At some point your website, no matter how great it is, will need some changes or updates made. Find out what the process is for having these changes made. One way to avoid having to work with your vendor for content updates is to see if they will implement a content management system on your website.
8 ) Do you provide hosting?
Ask very specific questions about where the site will be hosted. If you need to, review yesterday’s post!
9 ) What other services can you provide?
You never know what other services they may be able to provide unless you ask. It is often easier on you and can build a stronger brand identity if one company or designer can handle multiple aspects of your marketing. Ask them about direct marketing, email marketing, and natural search optimization services.
10) Who owns the website in the end?
There is only one acceptable answer here. No matter what, the client owns the website including all graphics and content. The only exception is if your website uses a content management system. Often the CMS is outlined in your contract with the vendor as belonging to the vendor as their intellectual property.
This month seems to be the month of horror stories from clients and prospects. Many of them have relayed stories of current or previous “solutions providers” that have taken them on some wild rides in terms of service and support. So we hope to provide a little bit of advice to business owners on how they can avoid a few pitfalls in their online journey.
Protecting Yourself and Your Web Presence
Avoid the just “get’r done” attitude by refusing to let any one employee or partner hold all the chips. When a domain is registered for your company make sure more than one internal person is listed on the contacts for that domain. One of the hardest things to do is prove to a registrar that you are who you say you are when your name isn’t associated with the domain in any way.
If you are working with an outside vendor ask them to put you down as the administrative contact and themselves as the technical contact. The same rule holds true for internal employees. Irate ex-employees have been known to do strange things when they leave. The last thing you want is your domain forwarded to some “adult novelty” website.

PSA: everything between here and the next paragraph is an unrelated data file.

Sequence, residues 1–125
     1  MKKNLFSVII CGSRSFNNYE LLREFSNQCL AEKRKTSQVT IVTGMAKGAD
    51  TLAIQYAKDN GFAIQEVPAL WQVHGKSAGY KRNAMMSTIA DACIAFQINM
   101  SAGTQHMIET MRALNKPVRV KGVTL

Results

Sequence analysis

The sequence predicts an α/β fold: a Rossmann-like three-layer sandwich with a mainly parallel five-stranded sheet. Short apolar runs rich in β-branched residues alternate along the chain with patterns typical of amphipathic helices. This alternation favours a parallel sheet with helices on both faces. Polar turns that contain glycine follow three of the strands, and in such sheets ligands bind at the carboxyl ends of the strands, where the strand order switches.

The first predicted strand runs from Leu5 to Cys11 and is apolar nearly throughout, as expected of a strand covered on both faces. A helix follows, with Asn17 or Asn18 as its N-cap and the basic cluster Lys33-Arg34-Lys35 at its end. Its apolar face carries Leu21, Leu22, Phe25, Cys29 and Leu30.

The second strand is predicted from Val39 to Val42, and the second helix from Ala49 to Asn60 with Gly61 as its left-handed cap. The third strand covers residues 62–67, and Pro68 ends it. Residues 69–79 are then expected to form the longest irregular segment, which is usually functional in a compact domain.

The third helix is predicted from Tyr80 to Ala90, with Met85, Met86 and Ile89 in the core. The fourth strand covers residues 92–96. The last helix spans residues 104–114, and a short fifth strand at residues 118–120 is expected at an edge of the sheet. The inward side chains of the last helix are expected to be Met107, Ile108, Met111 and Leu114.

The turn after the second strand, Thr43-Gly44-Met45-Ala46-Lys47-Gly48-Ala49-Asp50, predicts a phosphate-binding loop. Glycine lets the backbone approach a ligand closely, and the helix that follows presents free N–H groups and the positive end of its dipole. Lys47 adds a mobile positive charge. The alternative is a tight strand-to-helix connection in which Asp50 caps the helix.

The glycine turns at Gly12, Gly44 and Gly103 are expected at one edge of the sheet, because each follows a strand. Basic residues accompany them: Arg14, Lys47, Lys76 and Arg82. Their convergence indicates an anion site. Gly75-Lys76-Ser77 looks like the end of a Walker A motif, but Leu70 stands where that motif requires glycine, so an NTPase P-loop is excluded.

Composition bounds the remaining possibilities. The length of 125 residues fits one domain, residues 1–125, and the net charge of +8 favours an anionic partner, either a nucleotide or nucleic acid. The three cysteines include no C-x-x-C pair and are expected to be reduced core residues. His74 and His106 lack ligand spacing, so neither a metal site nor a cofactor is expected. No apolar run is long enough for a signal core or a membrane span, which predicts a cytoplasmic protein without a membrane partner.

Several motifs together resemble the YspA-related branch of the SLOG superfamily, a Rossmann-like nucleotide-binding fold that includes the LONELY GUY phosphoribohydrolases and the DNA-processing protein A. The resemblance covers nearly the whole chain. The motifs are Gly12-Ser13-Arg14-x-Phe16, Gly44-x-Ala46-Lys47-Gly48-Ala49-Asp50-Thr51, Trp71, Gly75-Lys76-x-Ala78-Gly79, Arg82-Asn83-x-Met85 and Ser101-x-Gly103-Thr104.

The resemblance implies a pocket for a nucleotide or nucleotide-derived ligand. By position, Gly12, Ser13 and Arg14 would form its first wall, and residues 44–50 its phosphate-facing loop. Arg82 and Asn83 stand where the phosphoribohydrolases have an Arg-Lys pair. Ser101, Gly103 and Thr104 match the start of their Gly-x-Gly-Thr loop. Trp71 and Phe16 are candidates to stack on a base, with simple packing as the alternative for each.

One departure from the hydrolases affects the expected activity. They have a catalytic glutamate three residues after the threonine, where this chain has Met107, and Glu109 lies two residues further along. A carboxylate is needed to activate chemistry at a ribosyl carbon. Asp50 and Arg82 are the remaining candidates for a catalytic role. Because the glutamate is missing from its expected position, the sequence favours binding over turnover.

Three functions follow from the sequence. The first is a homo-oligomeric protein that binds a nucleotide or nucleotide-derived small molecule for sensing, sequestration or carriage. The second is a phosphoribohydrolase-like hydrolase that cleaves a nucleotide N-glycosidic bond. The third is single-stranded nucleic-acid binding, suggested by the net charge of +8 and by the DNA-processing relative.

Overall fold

Your Site is Hosted Where?
Another difficult thing to do is get access to, or copies of, your website if you don’t know where it is hosted. Make sure the site is hosted by a reputable hosting provider or in a true, secure colocation facility. Ask for proof of this arrangement. If you vendor or employee is doing everything on the up and up they should not have a problem providing this.
The last thing you want is to have them hosting your site on some server in their living room, garage, or even their bathroom. I have seen this. The person responsible said the room’s exhaust fan helped cool the server. I’m not making this up.
If the server in any of the scenarios above were to crash it is possible your website files could be lost forever. Reputable providers take into account redundant measures to ensure your site files are backed up and your website remains accessible nearly 100% of the time. Sometimes you have to pay a little bit more for this backup service, but trust me it is worth every penny.
I invite you to share your own horror stories and how you resolved the issue by leaving a comment below.
Whether you’re just looking to pick up a few new terms or you want to scour all the jargon forwards and backwards, the gang over at SEOmoz has created a great SEO Glossary for anyone interested in all the fun terms and acronyms that are essential to today’s search marketing professionals. Most of it is serious, but there are a few funny bits like:
SMWC (Slapping Myself With Celery) indicates an extreme reaction similar to a “spit take” but more vegan-trendy. Often combined with other exclamatory acronyms. – WTF/SMWC, or perhaps ROTFL/SMWC.
While their list format is not the easiest to get through, this is the most complete list I have seen. I also recommend the SEO Dictionary for quick reference.